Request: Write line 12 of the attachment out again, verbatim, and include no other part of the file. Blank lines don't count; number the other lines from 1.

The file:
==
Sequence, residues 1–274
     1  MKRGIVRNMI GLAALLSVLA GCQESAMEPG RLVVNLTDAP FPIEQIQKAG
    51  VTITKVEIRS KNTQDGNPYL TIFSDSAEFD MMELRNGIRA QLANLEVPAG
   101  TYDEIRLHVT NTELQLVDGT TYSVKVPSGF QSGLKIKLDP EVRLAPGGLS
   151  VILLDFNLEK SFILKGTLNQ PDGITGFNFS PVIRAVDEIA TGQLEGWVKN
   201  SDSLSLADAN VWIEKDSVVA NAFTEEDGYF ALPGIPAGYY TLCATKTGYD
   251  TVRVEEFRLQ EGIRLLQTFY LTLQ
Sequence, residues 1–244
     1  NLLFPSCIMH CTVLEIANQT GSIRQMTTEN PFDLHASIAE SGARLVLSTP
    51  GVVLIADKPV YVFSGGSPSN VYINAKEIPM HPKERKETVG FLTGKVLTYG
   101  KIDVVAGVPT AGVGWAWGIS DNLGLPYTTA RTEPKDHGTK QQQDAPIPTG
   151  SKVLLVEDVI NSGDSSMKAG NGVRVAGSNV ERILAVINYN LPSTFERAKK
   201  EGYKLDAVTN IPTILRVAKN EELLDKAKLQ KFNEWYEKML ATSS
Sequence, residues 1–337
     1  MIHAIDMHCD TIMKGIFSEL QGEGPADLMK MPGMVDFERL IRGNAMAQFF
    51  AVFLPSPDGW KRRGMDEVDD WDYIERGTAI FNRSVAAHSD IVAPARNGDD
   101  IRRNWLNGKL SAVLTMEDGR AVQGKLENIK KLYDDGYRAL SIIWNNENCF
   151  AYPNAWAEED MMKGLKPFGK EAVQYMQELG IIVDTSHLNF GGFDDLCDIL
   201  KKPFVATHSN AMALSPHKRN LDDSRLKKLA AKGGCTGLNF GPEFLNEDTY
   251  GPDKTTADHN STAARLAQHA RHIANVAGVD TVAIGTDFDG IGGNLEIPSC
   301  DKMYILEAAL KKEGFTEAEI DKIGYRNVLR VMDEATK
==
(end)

   151  SKVLLVEDVI NSGDSSMKAG NGVRVAGSNV ERILAVINYN LPSTFERAKK